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A Teacher of Beauty

Madame Ly, UNIS Hanoi’s first art teacher, lives in a sixth-floor apartment surrounded by beauty in art.

Madame Ly, UNIS Hanoi’s first art teacher, lives in a sixth-floor apartment surrounded by beauty in art.

Impressionist cityscapes of a bygone Hanoi, with women in traditional Vietnamese áo dài bicycling under flowering trees, decorate the walls. Lacquer paintings of women in colourful dresses—an artistic documentation of her country’s cultural minorities—lean against each other at the edges of rooms. 

A well-known artist, these paintings represent Ha My Ly’s life work. Her art has been well received at national and international exhibitions, and several of her paintings are housed in the Vietnam Fine Arts Museum. She holds degrees from both the Hanoi Fine Arts College and the Hanoi Industrial Fine Arts College.

But equally treasured are the scrapbooks of photographs and cards from her time teaching art in the early days of UNIS Hanoi.

Working at the School from 1990 until her retirement in 2002, Mme Ly was a well-loved member of the community whose influence reached far outside her classroom. The annual exhibition of student work that she organised was a community highlight, and she took as much pride in student art as in her own.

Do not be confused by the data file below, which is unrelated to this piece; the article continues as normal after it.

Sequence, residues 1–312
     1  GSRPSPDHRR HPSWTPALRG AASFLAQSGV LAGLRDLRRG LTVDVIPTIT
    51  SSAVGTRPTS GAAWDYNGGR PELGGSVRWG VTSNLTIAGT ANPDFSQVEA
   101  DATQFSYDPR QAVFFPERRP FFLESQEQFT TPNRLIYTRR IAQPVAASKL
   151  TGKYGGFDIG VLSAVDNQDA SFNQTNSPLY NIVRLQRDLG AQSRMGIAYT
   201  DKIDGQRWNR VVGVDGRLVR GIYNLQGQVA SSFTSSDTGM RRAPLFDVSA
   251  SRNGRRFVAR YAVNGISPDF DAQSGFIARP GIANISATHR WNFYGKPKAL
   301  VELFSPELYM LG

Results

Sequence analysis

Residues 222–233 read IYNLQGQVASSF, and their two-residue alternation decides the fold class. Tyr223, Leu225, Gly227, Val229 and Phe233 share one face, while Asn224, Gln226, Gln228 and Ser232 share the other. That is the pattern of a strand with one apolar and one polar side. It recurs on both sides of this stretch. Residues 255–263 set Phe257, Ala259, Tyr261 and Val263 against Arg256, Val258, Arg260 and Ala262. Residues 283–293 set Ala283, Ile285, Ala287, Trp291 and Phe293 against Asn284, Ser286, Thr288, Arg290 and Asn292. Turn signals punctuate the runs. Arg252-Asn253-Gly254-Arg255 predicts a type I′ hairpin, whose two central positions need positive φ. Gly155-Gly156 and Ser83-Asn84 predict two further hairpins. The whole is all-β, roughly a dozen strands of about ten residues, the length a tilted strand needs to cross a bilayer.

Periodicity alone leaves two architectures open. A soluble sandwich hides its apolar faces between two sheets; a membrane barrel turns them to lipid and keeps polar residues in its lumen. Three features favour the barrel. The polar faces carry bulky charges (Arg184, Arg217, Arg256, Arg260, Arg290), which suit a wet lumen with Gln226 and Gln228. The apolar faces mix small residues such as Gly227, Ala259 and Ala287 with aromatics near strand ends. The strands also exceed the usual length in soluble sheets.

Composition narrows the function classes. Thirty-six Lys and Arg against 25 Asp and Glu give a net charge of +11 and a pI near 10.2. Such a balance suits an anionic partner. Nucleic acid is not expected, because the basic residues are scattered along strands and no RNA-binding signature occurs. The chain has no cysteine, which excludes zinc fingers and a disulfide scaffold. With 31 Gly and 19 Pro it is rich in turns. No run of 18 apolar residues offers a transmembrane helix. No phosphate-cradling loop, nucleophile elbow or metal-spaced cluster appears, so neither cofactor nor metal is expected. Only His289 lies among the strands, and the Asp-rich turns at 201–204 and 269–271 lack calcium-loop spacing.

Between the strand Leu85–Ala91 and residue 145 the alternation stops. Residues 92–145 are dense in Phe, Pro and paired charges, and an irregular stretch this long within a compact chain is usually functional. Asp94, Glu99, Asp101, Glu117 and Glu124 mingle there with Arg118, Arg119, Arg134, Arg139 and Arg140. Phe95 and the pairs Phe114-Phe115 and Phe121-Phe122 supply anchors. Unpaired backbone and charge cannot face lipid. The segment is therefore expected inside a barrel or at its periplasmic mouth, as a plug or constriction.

The opportunity to study under an internationally-acclaimed artist was a unique one for UNIS Hanoi students. Their notes in her scrapbooks speak of a teacher who was a friend and mentor to them.

“Art is my favorite subject in school. I think that Mme Ly is a very good art teacher,” student Alex Brody penciled under a drawing of a red flower and an orange sun.

“Dear Mme Ly,” departing Grade 4 student Natalie wrote in a colorful scrawl on a pink piece of paper, “You are the best art teacher I met.” On the back is a quote, “If there is no art, there’s no life.”

Madame Ly agrees. “Painting is my passion,” she admits. Even in her present retirement, “I cannot stop it.”

Her students were privileged to benefit directly from Mme Ly sharing her passion and expertise with them. Field trips to local craft sites like the Dong Ho woodcut village helped students engage with Vietnamese culture as well as art. And they could learn how to make a woodcut from a master, since that was one of Mme Ly’s mediums.

She remembers a trip to the Bat Trang ceramic village outside Hanoi where even the parent chaperones were so absorbed in molding clay that she had to drag them away when it was time to go. Students visited her house, she recounts, to learn her most special technique, lacquer painting.

Photos show her working with recycled materials with her students long before the United Nations’ Sustainable Development Goals (SDGs) enshrined the value of recycling and reusing. For her, that was simply a way of life. She studied art in Hanoi during war time, and fine art materials were scarce.

Mme Ly loved to teach students from different countries and cultures. “I enjoy working with children,” she says. “I teach them something, and they teach me something, too.”

She remembers that her own painting benefited from her teaching, as she learned from students how to more easily show feelings. Children, Mme Ly says, “Don’t think so much, they just show their sentiment.”

Mme Ly always tried hard to make her art class fun. “I felt happy when the students enjoyed it,” she says.

“My time at UNIS Hanoi was a happy time.”